Missouri Solar Eclipse

The Saros Cycle

Posted on Thursday, July 20, 2017 at 7:00 pm


             The Saros Cycle


For all earth observers, including the ancients, the Sun is the beginning, the constant, for explaining nature. First, the Sun defines our cardinal directions. Second, the Sun sets up our calendar as the earth revolves around the sun once to make a year. Ancient markers and tablets show reckoning with seasonal markers like summer and winter solstices and equinoxes. To understand and predict eclipses, however, the Moon is a key. There are 2 to 5 solar eclipses somewhere on earth each year.

The periodicity and reoccurrence of solar eclipses is governed by the Saros Cycle. Saros means to repeat. Natural harmony between the three lunar orbital periods and the alignment of the Sun is the key. Ancients found the three lunar orbital periods all were the same for some eclipses.  Those three orbital periods of the Moon are: the synodic or lunar phases at 29.5 days, the draconic movement where the Moon is at the 5° node of alignment at 27.2 days, and the anomalistic movement or having the Moon the same distance to Earth at 27days13hours18.5 minutes.  Babylonians may have been the first, but with many other civilizations were able to see a repetition in the eclipse schedule at 18 years, 11 days, and 8 hours. This is the Saros Cycle.

The Saros is useful in organizing eclipses into families or series. The total solar eclipse of 2017 is a member of the Saros series 145. Each series typically lasts 12 or 13 centuries and contains 70 or more eclipses. Series 145 is a young one and began on January 4, 1639 with a small partial solar eclipse near the North pole. The series continues as the Moon moves southward with the final eclipse of the 145 Saros series taking place April 17, 3009 with a partial solar eclipse over Antarctica.  All eclipses moving southward are odd numbered Saros and where Saros series moving northward are numbered evenly.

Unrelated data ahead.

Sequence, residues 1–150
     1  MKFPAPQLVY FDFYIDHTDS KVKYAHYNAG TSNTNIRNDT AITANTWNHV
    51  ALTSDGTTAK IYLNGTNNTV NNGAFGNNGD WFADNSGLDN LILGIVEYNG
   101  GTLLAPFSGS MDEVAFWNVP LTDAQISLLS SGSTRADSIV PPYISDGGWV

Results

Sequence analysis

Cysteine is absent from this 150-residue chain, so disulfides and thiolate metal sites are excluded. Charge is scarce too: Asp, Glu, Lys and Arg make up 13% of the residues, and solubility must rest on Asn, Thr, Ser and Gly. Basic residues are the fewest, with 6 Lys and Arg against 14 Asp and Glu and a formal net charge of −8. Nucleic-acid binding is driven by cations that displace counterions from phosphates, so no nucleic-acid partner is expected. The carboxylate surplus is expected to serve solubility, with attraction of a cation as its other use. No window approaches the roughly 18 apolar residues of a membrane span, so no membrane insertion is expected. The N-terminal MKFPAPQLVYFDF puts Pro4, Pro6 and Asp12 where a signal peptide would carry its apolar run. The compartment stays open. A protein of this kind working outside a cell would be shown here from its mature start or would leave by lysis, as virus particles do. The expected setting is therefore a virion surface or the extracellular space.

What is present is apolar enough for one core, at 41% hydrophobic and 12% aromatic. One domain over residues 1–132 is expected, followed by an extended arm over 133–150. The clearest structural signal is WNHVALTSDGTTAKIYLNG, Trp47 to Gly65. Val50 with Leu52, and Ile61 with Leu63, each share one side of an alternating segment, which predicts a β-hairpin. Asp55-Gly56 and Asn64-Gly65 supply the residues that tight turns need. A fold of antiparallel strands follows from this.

Any two eclipses separated by one Saros cycle share very similar geometries. Location, however, is a problem. The additional 8 hours on the repetition means the earth will rotate an additional 120 degrees. Waiting 18 years, 11 days, and 8 hours, the next eclipse of the Saros 145 series occurs on September 02, 2035 across western China and Japan, ending in the Pacific Ocean 1300 miles from the Hawaiian Islands. Waiting 3 Saros cycles will bring it back to our hemisphere, but

it has then moved south. That location of the September 23, 2071, Saros 145 solar eclipse will center on Mexico, a tip of Texas on the Gulf of Mexico, Caribbean, and the northern part of South America.

The total pattern of Saros cycles is very complicated. In general there will be 38-42 solar Saros Cycles and a similar number of lunar Saros Cycles operating at once. Our next total solar eclipse visible in the US will be part of the Saros Cycle 139 on Monday, April 8, 2024.  Part of Southeastern Missouri will be in for totality.

The Antikythera mechanism is thought to be an ancient analogue computer or orrery (which is a mechanical model of the solar system used to represent their relative positions and motions). The device was found in 1900 by sponge divers in a Roman shipwreck off the coast of the island of Antikythera. The mechanical device was heavily corroded with indiscernible inscriptions but ran on a complicated set of dials and more than 30 bronze gears. This ancient Greek machine is regarded by some experts as the world’s first computer which may have predicted solar eclipses based on the Saros formula.

Changing subject matter, one question asked often is why does the eclipse moves from west to east when the both the Sun and the Moon appear to go the other way –east to west. The movement of the Sun and Moon is caused by the Earth’s rotation of 24 hours (counterclockwise from the North Pole). The Moon orbits earth in the same direction that the Earth rotates, but it takes the Moon 27.3 days to make a complete revolution. The Moon’s revolution in 27.3 days is ahead of  the earth’s rotation by a small bit. The Moon’s movement allows it to be in a different position each night among the stars. The Moon moves 13° East or comes up 50 minutes later each night. As the Moon is moving ahead of the Earth’s rotation, counterclockwise, (west to east), the eclipse appears to move from west to east.